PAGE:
Is Citigroup going under? Is Sheila Bair's erratic behaviour really her trying to save Citi?
Readers will know that I think pretty lowly of the head of the FDIC. Maybe I am wrong.
I have been puzzling this weekend – trying to work out what is going on using the assumption that all is part of a grand and competently executed strategy.
And the result was unsettling. The best hypothesis I came to is that Citigroup is going down and that Sheila Bair is trying to save it.
Sheila Bair – as readers will remember – forced Wachovia to sell itself in three days whilst other parties had not had anything like enough time to complete due diligence. She – unilaterally and incorrectly – told the world that this deal could not be done without government assistance. She unilaterally decided to issue a guarantee that on a pool of $312 billion of Wachovia assets Citigroup could not lose more than $42 billion. She made that decision even though Wells Fargo was telling her that all they required was more time to do due diligence.
Given that Wells Fargo was willing to acquire Wachovia at no-cost to taxpayers that looks like a very bad decision indeed. But this is the post assuming that Sheila Bair is smarter than all of us.
And so we need to understand the significance of that guarantee. The significance is as follows: Once Citi owns $312 billion in assets on which they can only lose $42 billion the remaining pool must be worth $270 billion. That $270 billion is guaranteed by the US Government – as the FDIC is a full faith and credit organisation. Citigroup can put that $270 billion (plus the $42 billion in non-guaranteed assets) in a pool and repo it – and as Treasuries yield very little they will wind up paying well under a percent of interest. The Sheila Bair decision was equivalent to a cash in
jection into Citigroup of 270 billion because the repo-market will turn government guaranteed loans into cash.
That cash in
jection is almost 40 percent of the size of the whole bailout package and it was given to Citigroup by Sheila Bair without congressional oversight. We got all stroppy at giving Paulson that sort of unilateral powers – but – hey – we are prepared to forget that Sheila Bair already has them.
Anyway – Citigroup buying Wachovia reliquefies Citigroup. Big time. Citigroup almost certainly knows this. Sheila Bair – if she is smart – knows this. That is why it is so important for Citigroup to complete the deal.
Now Wells Fargo have come to destroy the party. They are prepared to buy Wachovia without any government guarantee. The FDIC should be cheering as this removes all cost to the taxpayer – but Sheila Bair stands behind the decision to sell Wachovia to Citigroup.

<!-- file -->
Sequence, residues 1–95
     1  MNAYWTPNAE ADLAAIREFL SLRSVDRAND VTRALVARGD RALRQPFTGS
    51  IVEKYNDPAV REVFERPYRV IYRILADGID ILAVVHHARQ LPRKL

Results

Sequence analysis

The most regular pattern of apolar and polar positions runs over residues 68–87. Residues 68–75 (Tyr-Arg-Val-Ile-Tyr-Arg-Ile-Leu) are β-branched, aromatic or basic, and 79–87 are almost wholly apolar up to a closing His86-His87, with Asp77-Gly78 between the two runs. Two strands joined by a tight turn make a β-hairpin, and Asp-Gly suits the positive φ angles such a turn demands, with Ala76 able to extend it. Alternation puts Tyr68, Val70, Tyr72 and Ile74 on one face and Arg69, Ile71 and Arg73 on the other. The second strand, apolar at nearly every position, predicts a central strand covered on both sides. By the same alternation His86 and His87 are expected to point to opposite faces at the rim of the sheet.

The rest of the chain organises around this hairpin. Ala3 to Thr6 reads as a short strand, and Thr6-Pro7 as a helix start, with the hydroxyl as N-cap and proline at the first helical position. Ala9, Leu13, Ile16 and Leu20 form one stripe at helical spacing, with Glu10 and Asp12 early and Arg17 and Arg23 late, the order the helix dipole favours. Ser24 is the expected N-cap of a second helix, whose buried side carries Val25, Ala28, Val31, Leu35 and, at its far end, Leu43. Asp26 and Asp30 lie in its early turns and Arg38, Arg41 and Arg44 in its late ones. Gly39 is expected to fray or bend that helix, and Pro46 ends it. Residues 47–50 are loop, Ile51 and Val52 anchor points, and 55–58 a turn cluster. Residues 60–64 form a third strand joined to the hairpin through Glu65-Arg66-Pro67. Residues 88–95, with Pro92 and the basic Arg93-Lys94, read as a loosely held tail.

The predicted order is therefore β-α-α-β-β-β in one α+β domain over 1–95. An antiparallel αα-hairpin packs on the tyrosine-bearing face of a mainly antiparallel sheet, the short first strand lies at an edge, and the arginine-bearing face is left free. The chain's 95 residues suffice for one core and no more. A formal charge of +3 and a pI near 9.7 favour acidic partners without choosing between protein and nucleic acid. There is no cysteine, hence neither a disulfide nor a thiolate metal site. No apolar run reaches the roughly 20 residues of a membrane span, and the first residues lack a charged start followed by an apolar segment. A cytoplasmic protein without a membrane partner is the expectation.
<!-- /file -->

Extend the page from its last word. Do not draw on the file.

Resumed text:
Citigroup isn't looking to sue Wachovia for a break-up fee. They are looking to enforce specific performance on Wachovia. They are not interested in a $20 billion break-up fee – that does not save them. That is
just too small. They are interested – critically interested – in the net $270 billion in guaranteed assets because that is the equivalent of $270 billion in cash – enough to save Citigroup from destruction.
Specific performance is very hard to enforce as numerous blogs have pointed out – here and here for example. But in this case it is necessary.
Sheila Bair is smarter than I thought and she knows it too. So I withdraw my demand that Sheila Bair resign – on the basis that it is probable that Sheila Bair knows more than me and she deemed it necessary to in
ject $270 billion in cash into Citigroup to stop their imminent failure.
Of course if this thesis is wrong Sheila should
just save me the trouble of issuing a correction and resign forthwith.
Friday, November 14, 2008
Citigroup, Whachovia, Sheila Bair and a post I didn't make...
In the middle of the Citigroup/Wachovia thing I wrote a post which I circulated amongst friends but do not remember posting. It was a little hot.
As speculation that Citigroup is insolvent is now widespread (see Felix for a recent example), I thought I might just post it. Sorry dear readers to not give it you when it was more relevant:
The content contained in this blog represents the opinions of Mr. Hempton. Mr. Hempton may hold either long or short positions in securities of various companies discussed in the blog based upon Mr. Hempton's recommendations. The commentary in this blog in no way constitutes a solicitation of business or investment advice. In fact, it should not be relied upon in making investment decisions, ever. It is intended solely for the entertainment of the reader, and the author. In particular this blog is not directed for investment purposes at US Persons.